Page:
It's Thursday evening in Ottakar's bookshop in High Wycombe and Ann Widdecombe is confessing that she is "somewhat nervous". Given that she is about to face a genteel audience of about 20, including two impeccably behaved small children, this seems a little peculiar. Can this be the same woman who in October 1998, speaking for 45 minutes without a single note, roused Conservatism from its post-electoral narcosis and brought more than a thousand ecstatically cheering conference representatives to their feet?
But this is a first for the shadow Home Secretary. She is here not as a politician, but as a novelist, the author of The Clematis Tree, which to her amazement has just shot to No 11 in the hardback fiction lists.
The novel, which she wrote - for a £50,000 advance - on trains, planes and at home in Kennington, south London, late at night in the 18 months after the 1997 election, turns out to be literate, middlebrow, well paced, rather dark, and about something - specifically, the trauma inflicted on a marriage by the presence of a child mentally and physically disabled by a horrific road accident. While elements of literary London have been their usual catty selves about the novel, broader-minded reviewers have been highly flattering: "a credible and moving story" (Piers Paul Read) "It isn't easy to put down ... moving ... readable" (Ruth Rendell) "Widdecombe's bleak meditation on suffering is a pleasure to read" (Ian Hislop).
In High Wycombe, she reads the rather challenging passage which gave her book its title and in which the disabled child, surrounded by love, is compared to a dying sumac tree clad in a beautiful climbing plant. Afterwards, she patiently answers questions. She had started writing at about the age of 10 - a play called The Love of Lord Douglas, and a couple of years later, a novel filling three exercise books called Forest Trek in which most of the characters perished; as a child, she read Enid Blyton and Kipling; as an adult she became a fan of CP Snow, Pamela Hansford Johnson and, latterly, Joanna Trollope. She likes Miss Rendell's detective stories and she is in the middle of 'Tis by Frank McCourt. And she says she firmly intends to retire in her sixties and write pretty well full time.
She was surprised by how completely the characters took over the novel; she had intended, for example, that Isobel in the book should be a "rather dotty maiden aunt", but in the closing passages she turned out rather wilfully to be "a shrewd and worldly-wise woman". Since Miss Widdecombe is herself a maiden aunt, it is tempting to draw the obvious inferences. But she has the novelist's impatience with such speculation. And this seems fair. Like the first, her second novel - about a young French convent girl during the wartime Occupation who has an affair with a married German officer - will examine the terrible strains imposed on family life by some unexpected catastrophe. But there is little trace of any similar trauma in her own childhood.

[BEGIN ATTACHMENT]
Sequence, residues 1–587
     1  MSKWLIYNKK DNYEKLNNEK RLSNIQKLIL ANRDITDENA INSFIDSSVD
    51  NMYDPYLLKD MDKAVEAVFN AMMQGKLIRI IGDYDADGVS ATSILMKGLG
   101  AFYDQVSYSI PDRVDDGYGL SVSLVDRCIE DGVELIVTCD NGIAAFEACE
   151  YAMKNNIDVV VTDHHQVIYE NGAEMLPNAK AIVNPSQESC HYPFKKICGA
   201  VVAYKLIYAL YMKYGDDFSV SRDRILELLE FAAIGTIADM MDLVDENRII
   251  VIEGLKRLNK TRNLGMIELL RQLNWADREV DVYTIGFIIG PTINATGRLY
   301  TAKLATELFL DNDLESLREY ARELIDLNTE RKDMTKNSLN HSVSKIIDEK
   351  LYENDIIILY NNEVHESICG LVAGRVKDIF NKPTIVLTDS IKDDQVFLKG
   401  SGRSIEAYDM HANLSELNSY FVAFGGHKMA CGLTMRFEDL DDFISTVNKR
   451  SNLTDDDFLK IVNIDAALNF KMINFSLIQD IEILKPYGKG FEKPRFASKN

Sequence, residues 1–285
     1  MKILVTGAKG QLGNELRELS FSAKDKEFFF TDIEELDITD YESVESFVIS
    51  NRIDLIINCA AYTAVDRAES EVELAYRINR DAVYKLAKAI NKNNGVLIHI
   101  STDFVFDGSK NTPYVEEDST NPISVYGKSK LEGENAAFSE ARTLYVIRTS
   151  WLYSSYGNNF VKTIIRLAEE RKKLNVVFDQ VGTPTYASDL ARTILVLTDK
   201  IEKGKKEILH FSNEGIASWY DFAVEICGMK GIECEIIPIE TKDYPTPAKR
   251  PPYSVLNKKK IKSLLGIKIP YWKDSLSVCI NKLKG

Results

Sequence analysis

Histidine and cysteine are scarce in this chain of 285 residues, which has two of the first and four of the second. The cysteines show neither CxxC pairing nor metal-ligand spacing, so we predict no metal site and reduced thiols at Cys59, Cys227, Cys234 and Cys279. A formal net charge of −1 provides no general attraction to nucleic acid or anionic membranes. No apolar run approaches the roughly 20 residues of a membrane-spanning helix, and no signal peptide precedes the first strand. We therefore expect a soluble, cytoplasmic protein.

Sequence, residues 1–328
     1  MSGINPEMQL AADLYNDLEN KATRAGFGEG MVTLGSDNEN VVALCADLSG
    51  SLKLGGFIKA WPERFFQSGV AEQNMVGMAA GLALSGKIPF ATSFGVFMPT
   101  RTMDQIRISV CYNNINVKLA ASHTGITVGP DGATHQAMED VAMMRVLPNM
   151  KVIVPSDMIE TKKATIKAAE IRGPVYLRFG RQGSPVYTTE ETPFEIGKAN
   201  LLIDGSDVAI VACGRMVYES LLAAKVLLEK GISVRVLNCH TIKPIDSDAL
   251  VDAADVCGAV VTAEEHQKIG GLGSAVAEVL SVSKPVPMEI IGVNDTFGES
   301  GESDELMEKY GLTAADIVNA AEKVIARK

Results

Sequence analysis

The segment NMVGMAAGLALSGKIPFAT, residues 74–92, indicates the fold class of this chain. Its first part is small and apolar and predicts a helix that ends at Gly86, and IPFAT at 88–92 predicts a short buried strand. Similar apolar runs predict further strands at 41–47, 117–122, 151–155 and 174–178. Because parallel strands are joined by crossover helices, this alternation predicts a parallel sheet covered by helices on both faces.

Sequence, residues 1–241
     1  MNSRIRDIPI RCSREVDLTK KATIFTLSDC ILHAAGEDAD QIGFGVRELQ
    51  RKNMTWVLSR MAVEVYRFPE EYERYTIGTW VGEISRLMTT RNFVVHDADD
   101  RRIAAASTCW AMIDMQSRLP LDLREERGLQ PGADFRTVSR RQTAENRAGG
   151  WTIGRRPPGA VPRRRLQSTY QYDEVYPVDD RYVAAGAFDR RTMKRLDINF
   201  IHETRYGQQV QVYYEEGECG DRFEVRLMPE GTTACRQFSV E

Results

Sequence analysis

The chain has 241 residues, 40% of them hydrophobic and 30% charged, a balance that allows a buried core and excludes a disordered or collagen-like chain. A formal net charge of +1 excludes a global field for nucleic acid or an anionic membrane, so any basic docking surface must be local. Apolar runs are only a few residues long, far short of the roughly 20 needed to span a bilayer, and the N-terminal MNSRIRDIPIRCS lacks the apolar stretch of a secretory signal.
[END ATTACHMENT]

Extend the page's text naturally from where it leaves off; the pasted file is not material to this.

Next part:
Ann Noreen Widdecombe was born in Bath in 1947, the daughter of an Admiralty civil servant. When her father was posted to Singapore, she became sufficiently attached to her amah (the Chinese equivalent of nanny) and to her daughter, a few years older than Ann, still to visit them from time to time today. Back in Bath she went, because of its academic rigour, to the Roman Catholic convent school of La Sainte Union. Widdecombe would have preferred somewhere just a little less strict - there was compulsory Mass at 6.30am three times a week, bedtime at 7.30pm on Saturday nights even when she was 18, and it was unthinkable for girls to be outside without wearing their gloves. She became, under the benign influence of a Sister Mary Evangelista, particularly good at Latin. And as part of an Anglican minority in a very doctrinal Catholic school she learned, as she would say, more than 30 years later "to stand up for my beliefs".
Which were always Conservative as well as - at that time - Anglican. Her father was certainly a Conservative supporter. Widdecombe appears to have been pretty well immune to the influences of the Sixties, social as well as political, when she went to Birmingham University to read Latin. She was a good deal more engaged by ancient history than rock and roll. By now, she had started to think about politics as well as religion - she was a keen evangelical Christian and an admirer of Billy Graham; and a second degree at Oxford had special appeal. She read PPE but took a much greater interest in extracurricular political activity, becoming secretary and treasurer of the Union.
She also fell in love - for the first and only time in her life - with Colin Maltby, now a banker, whom she still sees, with his family, every year or so. "They were a quaint couple, doll-like, awkward, rather earnest," Widdecombe's contemporary and friend of 32 years, Gyles Brandreth, recalled in a piece about her earlier this month. "I remember them always holding hands and I think I assumed that because they were keen Christians they spent tortured hours agonising about sex and then got down to it like ferrets. Clearly I was wrong." Partly, perhaps, Brandreth had reckoned without Widdecombe's consistently strict opposition to sex before marriage. The affair fizzled out, apparently without rancour, after three years.
She had thought seriously about becoming a Latin teacher. But six years as an undergraduate were enough without going on to teacher-training college. After an unfulfilling spell at Unilever she took a more congenial administrative job at the University of London and spent all her spare time on politics. She didn't become an MP until 1987; her maiden speech was a striking attack on Labour defence policy. And she almost immediately won the respect of the Tory whips by becoming the leading Tory organiser of the forces behind David Alton's anti-abortion bill, to which the Thatcher government was forced against its will to allow parliamentary time.